Subdivisions Paving & Maintenance
If you’ve ever lived in a neighborhood or subdivision with gravel or dirt roads, you know how frustrating they are. It seems vehicles can never stay clean with these types of surfaces. Further, rocks and dirt flying up or stirring around can cause other issues as well such as worsening allergies and damage to cars and windows.
Most homeowner associations (HOAs) make roads a priority. Paving the roads of a subdivision is often first on the agenda for any HOA. The surface of choice is typically asphalt which generally is a mixture of 5% asphalt/bitumen cement and 95% aggregates (stone, sand, and gravel). This combination of materials allows the pavement to stay in place and repel water, two very important components for any traffic surface.
If your HOA is planning to pave or has already paved, be sure you sealcoat the asphalt approximately 12-24 months after installation. If you’re unfamiliar with sealcoating, below is a brief overview of the process.
• Prevents cracking, potholes, and depressions
• Can add 5-10 years to the life of the asphalt
• Protects pavement from oil and chemical spills, oxidation, and water penetration
• Accelerates the rate of melting snow and ice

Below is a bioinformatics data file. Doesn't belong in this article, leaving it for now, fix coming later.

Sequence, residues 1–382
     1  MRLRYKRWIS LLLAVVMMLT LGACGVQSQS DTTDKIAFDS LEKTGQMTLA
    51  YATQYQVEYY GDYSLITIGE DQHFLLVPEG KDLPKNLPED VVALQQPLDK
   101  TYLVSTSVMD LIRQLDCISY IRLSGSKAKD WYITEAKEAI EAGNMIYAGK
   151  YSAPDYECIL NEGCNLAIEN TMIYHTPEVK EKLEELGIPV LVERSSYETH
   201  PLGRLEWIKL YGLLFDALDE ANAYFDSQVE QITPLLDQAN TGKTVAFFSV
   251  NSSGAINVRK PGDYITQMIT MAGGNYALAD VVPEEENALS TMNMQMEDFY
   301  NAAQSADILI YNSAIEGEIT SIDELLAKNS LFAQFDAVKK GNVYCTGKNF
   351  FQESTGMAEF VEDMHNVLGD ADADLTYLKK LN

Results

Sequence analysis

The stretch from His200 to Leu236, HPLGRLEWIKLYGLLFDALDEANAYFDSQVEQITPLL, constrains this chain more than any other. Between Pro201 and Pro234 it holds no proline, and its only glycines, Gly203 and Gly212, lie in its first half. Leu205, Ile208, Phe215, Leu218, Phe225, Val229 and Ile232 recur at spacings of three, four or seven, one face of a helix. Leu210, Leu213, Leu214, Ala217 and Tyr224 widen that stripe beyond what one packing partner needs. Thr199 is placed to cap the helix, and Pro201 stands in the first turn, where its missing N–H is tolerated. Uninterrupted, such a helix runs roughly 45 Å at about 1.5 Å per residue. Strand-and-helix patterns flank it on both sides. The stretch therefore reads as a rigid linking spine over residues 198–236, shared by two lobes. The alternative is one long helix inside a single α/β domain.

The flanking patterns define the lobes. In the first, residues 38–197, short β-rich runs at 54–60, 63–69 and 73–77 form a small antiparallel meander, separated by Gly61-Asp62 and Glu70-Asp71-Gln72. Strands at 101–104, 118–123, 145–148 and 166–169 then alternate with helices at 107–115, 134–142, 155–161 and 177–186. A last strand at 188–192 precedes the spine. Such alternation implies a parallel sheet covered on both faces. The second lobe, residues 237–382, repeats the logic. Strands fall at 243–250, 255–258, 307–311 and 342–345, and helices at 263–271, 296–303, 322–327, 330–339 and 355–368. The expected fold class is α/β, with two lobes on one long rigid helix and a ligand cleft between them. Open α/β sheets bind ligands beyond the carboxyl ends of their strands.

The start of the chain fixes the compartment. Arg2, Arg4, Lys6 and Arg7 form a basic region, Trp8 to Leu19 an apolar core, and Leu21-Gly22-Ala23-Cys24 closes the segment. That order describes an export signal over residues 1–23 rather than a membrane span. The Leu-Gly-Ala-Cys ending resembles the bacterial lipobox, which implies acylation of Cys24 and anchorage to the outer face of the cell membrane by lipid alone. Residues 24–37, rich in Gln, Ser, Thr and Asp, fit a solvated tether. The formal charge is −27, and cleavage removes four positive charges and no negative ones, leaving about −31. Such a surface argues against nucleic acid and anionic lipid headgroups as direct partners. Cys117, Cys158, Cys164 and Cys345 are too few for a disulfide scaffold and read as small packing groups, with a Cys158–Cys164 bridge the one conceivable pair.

• Maintains the aesthetic appeal by preserving the smoothness and color of the asphalt
While it may seem like more work and a bit more expense in the beginning, sealcoating will save an HOA significant money and anxiety in the long run. Two of the biggest culprits to pavement are UV rays and water. UV rays break down carbon bonds on the asphalt surface which leads to quicker deterioration. Water can affect pavement from both the bottom and the top. Rain and snow can impact the surface while ground water will affect the base of the asphalt.
Sealcoating will protect your paved roads from UV rays, water damage, and other culprits. If your HOA is already taking the initiative to pave the roads of a subdivision, the team should also seal the surface to ensure the roads maintain beauty, flexibility and durability for many years to come.